Antigua and Barbuda is willing to put forward its ideas on these matters in the appropriate WTO forum, and calls on like-minded states to assist in reforming the dispute settlement system of the WTO.

The OECS WTO Members continue to be challenged with fulfilling its transparency and notification obligations to which they remain fully committed. However it must be recognised that small countries like the OECS face capacity constraints and continues to need and seek technical assistance to aid in the notification process.

The OECS-WTO Member States are also taking steps to implement necessary legislation in the areas of competition, antidumping and subsidies. We are in the process of establishing an OECS Competition Authority. The Authority and the requisite legislation are expected to be implemented by 2015.

Aid for Trade

All OECS-WTO Members remain fully committed to the Aid for Trade initiative in all of its dispensation. The designation of OECS Members States as high middle income developing countries however can make access to many aid for trade opportunities increasingly challenging even though the region remains vulnerable and faces structural economic challenges not captured by per capital economic indicators. This is particularly true when the downside risks or downside disasters and ballooning unemployment particularly among the youth are taken into account.

The CARICOM Regional Aid for Trade Strategy developed in 2013 identified, a number of projects with a sub-regional focus. They include projects to (a) upgrade key economic infrastructure, (b) enhance competitiveness of the private sector and facilitate trade expansion and diversification as well as (c) deepen regional integration and maximise gains from external trade agreements.

The premise of this strategy is geared toward developing a modernized trade policy framework with a broad focus on sectoral issues and cross cutting measures such as information technology and renewable energy initiatives.


The OECS external position has been greatly influenced by the increasing trade deficits, which relate to myriad factors (contestability of global markets, inability to move up the value chain among others). As small vulnerable economies, the OECS recognises the importance of the multilateral trading system, which still holds out the option for first best solutions in the allocation of global trade benefits. However, the MTS is being challenged by plurilateral and regional initiatives some which run the risk of second and third best outcomes for states such as ours which are incapable of participating in some of these negotiations. For these reasons the MTS remains an extremely high priority for the OECS. But we must focus on making the system work better for all its members particularly SVEs such as the OECS.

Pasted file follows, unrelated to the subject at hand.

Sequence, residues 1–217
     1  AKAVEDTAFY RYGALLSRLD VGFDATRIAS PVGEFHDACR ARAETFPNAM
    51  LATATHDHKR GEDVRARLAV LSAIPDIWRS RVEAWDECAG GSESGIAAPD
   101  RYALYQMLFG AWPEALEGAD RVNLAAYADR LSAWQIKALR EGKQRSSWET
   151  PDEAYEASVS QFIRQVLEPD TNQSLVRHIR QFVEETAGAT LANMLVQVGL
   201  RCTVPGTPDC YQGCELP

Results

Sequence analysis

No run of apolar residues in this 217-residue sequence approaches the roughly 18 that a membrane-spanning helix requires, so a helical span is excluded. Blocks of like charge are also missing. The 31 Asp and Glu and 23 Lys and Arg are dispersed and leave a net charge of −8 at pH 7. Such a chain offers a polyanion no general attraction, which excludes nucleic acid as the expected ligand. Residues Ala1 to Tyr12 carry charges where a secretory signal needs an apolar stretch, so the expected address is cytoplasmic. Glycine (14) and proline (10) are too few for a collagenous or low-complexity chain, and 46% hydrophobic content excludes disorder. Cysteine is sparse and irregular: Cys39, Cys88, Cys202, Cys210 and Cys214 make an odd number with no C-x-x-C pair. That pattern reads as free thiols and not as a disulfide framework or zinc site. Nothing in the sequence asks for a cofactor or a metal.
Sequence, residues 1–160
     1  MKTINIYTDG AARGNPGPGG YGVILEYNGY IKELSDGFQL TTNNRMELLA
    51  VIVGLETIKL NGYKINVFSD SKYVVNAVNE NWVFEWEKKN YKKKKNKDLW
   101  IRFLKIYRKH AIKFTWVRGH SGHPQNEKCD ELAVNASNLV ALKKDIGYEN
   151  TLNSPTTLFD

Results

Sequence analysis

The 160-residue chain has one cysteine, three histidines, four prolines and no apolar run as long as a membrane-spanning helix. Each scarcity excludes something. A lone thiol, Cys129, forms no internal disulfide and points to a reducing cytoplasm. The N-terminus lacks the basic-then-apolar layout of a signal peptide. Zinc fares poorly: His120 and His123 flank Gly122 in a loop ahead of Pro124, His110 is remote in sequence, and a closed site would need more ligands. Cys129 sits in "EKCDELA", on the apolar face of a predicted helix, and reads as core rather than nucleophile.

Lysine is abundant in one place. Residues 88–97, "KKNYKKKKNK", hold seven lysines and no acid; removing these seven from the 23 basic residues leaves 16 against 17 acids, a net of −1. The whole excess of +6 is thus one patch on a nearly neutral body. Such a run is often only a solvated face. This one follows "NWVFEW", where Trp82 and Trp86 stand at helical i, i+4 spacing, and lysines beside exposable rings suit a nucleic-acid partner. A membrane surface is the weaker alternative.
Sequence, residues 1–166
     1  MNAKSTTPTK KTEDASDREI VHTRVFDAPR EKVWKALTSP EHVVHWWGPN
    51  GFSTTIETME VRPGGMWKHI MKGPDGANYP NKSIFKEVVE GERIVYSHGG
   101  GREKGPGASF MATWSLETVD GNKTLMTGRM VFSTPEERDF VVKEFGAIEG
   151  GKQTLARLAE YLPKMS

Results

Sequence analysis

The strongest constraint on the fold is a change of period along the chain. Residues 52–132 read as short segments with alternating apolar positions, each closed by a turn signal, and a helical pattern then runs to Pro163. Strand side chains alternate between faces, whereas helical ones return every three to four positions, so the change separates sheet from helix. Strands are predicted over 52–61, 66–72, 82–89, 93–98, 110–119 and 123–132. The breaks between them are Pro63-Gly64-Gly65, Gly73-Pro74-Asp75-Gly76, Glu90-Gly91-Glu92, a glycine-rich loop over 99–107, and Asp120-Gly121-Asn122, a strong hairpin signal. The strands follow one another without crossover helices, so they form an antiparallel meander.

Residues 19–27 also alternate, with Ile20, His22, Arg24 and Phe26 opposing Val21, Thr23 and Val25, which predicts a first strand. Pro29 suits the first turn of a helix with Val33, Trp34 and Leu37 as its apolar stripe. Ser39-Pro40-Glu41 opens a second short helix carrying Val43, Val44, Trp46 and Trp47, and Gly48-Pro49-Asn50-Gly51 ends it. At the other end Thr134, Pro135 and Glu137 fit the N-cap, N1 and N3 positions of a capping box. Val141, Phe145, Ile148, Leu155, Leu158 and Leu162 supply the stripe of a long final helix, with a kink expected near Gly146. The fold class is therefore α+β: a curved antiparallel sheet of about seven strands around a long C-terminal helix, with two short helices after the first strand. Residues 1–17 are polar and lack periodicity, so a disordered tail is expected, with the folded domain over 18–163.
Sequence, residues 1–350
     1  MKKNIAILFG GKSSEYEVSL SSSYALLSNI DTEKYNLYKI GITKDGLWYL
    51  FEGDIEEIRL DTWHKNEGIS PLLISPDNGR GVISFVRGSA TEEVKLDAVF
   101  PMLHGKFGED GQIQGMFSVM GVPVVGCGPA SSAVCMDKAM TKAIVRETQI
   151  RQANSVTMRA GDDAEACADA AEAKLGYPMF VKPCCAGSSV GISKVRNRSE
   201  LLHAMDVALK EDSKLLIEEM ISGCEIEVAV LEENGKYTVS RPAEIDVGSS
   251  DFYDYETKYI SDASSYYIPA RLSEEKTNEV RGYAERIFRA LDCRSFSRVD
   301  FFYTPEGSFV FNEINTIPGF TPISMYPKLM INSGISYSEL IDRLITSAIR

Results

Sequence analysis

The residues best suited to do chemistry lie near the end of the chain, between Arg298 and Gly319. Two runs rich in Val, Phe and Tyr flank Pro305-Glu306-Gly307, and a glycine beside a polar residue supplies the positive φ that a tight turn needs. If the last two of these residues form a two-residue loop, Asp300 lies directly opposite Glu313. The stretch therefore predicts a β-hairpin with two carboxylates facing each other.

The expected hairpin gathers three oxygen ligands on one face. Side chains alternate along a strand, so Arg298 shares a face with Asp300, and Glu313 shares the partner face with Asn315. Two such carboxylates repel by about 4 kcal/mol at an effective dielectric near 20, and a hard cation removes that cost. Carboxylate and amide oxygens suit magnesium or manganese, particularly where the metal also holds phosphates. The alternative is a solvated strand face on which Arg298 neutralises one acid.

Chair, in order for the MTS work better I must reiterate some of the issues I raised earlier. We must ensure that we reform the DSB such that compliance with judgements by developed and more powerful nations are not frustrated to the detriment of small economically less endowed members of the house.

We must ensure that the heavy investment made by OECS countries and others in securing a deal on trade facilitation delivers on the promise of bringing concrete finance and technical assistance support to allow them to realise the benefits inherent and clearly articulated in the World Bank doing Business Report.

We must establish a credible work plan for the conclusion of the DDA as an injection of confidence to global markets which will redound to the benefits of the OECS by minimising the downside risks of policy slippage and a return to recession.
The OECS countries maintain among the most open economies in the world.

Consequently, it is the view of the OECS that the multilateral trading system must focus on a more equitable framework for trade and greater sensitivity for the circumstances of SVEs.

Even as we participate in this review our office in Geneva is facing a real existential crisis as a result of financial limitations that threatens the maintenance of a presence here in Geneva. Further the human and financial resource limitations have also negatively affected our capacity to effectively engage in the MTS as reflected very clearly in the less than optimal and desired participation in this review.

We offer our position to this house with the certain knowledge that the value which we add to this process will be somehow sustained.